In a few weeks, B.C. will be officially opening the widest bridge in the world. Which will connect to a widened Trans-Canada Highway. Which will connect to an at-the-moment under-utilized Golden Ears Crossing. Connecting to the Pitt River Bridge, then in turn to the vast new Cape Horn Interchange, linking to pieces of the North Fraser Perimeter Road, across from the construction of the South Fraser Perimeter Road – just part of the multi-billion expansion of road-based infrastructure.
All justified as necessary for the economic health and growth of our economy, to reduce congestion, to improve our quality of life. Etc.
So, please help explain this:
TransLink has released a very important document that lays out our plan for the next three years of transit in Metro Vancouver. Our draft 2013 Base Plan is a blueprint for transit planning, funding and servicing.
TransLink will not proceed with:
- Implementing approximately 306,000 hours of planned increases of bus service hours
- Expanded SeaBus service to provide 15-minute service on Sundays and holidays in fall, winter and spring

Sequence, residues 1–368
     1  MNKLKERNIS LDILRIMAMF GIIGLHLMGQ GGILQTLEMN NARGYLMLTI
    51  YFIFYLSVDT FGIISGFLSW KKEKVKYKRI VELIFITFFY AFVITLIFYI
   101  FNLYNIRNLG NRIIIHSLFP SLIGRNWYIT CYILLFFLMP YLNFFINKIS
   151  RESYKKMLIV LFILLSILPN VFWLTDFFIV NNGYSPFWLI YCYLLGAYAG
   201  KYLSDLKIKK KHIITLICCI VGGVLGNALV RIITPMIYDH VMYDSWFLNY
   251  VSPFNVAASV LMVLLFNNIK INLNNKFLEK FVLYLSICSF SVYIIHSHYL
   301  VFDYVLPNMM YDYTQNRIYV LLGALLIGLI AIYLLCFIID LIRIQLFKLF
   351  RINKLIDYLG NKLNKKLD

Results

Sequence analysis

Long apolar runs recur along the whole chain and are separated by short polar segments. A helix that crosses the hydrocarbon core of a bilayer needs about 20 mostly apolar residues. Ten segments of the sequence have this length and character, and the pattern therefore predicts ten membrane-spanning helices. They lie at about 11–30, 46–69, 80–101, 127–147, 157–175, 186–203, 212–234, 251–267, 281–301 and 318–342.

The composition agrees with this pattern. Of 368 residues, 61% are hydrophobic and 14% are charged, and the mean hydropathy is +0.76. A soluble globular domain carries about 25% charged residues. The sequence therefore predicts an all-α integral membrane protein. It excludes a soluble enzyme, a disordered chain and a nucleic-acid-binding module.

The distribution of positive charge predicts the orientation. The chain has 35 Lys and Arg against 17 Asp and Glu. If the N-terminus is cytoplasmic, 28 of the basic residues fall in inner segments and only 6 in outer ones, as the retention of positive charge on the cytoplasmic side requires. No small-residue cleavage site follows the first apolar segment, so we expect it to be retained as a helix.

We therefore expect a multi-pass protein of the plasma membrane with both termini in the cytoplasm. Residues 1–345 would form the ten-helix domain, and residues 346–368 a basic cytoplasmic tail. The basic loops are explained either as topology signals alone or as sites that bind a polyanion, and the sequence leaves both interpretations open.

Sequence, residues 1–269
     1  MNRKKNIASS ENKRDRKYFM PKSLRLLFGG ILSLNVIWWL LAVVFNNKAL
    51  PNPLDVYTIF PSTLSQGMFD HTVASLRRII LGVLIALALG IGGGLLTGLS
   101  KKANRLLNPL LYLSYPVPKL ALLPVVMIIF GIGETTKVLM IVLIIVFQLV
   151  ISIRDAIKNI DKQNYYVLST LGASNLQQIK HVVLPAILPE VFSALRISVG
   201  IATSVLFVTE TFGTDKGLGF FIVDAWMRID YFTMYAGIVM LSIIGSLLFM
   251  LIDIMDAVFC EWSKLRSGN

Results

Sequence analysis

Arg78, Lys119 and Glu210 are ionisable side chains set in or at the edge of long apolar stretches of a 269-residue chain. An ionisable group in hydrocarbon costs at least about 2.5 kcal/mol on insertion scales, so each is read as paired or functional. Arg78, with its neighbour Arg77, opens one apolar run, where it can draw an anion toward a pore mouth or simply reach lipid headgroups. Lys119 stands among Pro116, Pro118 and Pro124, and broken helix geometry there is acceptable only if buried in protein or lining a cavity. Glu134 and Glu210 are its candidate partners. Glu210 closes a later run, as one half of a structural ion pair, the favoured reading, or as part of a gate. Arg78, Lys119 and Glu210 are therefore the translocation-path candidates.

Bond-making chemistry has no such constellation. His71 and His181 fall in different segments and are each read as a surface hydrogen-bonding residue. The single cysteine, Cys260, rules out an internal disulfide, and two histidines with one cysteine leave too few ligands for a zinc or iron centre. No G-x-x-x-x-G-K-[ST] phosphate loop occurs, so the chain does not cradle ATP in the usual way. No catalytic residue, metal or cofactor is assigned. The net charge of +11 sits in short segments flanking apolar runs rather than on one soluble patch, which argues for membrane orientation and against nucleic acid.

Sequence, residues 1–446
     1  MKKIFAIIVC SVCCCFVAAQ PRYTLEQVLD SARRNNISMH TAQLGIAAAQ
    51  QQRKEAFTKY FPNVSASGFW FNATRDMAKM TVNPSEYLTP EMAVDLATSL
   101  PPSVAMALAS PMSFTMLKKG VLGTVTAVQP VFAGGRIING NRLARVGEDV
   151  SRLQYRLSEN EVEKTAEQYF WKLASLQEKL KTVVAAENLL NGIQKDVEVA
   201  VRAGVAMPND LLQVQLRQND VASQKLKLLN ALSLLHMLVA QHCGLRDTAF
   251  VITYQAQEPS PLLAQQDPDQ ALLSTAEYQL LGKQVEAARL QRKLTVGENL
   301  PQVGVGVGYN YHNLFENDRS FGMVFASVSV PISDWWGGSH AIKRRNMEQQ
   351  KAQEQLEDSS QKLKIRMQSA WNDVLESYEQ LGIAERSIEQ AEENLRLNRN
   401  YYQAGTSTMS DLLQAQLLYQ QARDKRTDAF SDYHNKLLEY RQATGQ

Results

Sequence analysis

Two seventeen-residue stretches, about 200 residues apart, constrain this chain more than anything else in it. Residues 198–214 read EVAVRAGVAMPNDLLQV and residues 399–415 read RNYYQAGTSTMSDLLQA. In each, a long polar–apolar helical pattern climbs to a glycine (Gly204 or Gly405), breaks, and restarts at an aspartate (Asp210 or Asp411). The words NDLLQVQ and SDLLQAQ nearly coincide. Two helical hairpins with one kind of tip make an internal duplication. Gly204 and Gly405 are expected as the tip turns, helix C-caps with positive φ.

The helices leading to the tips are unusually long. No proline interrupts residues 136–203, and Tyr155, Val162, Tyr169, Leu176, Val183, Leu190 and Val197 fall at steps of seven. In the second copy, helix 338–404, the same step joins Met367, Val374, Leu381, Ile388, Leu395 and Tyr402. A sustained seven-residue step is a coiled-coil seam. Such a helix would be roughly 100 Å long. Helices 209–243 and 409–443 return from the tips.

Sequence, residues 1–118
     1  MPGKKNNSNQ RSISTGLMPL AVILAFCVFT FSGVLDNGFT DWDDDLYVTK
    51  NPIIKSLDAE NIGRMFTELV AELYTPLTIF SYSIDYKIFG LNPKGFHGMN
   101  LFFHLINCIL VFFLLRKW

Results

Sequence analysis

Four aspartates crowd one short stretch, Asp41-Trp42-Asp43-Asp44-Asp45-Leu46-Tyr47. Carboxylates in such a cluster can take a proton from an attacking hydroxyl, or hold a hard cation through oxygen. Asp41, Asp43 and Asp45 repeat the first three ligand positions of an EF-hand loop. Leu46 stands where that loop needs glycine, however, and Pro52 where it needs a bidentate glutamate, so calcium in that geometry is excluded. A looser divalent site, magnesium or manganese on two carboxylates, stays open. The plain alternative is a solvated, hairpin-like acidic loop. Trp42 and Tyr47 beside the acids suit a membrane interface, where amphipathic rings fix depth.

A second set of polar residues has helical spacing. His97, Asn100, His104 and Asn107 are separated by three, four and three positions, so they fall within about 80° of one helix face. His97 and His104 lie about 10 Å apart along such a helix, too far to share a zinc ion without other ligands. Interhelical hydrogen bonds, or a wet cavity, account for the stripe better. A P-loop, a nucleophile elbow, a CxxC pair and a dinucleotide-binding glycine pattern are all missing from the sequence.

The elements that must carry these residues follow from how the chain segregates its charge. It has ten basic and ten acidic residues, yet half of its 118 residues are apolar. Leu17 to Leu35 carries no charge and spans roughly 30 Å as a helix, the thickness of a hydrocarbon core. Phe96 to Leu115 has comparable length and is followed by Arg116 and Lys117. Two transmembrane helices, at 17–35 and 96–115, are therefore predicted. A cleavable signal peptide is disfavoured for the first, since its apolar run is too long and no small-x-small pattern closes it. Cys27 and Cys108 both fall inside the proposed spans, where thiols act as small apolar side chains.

- Restoring original funding for cycling programs and the Major Road Network
- Ten-minute, off-peak frequency on the Highway 1 Rapid Bus service
- The White Rock Centre extension on the King George Boulevard B-Line service
Yes, the Evergreen Line and Rapidbus on Highway 1 goes ahead – both priorities of Province – along with a partial B-line on King George and some (but not all) upgrades to SkyTrain stations, plus additional hours on congested routes. Reality: the news will be dominated by the cutbacks that TransLink will be compelled to make in order to offset declining revenues and the failure of decision-makers to even discuss new revenue sources.
It’s not for lack of resources in this province – as the road-based list above indicates. Remember, even TransLink is still proceeding on the design of a six-lane bridge to replace the Pattullo. However, when it comes to transit: “Over the next three years, we will live within our means and only deliver those services for which we have the necessary funding,” said Nancy Olewiler, the TransLink board’s chair. (More details here.)
We have made a decision: we don’t want to spend the money on transit and other options while doubling down on a transportation vision that was relevant a half-century ago and may not be even in the next decade. The next generation, however, will be paying for both the infrastructure we decided to build for us and the lack of options for them.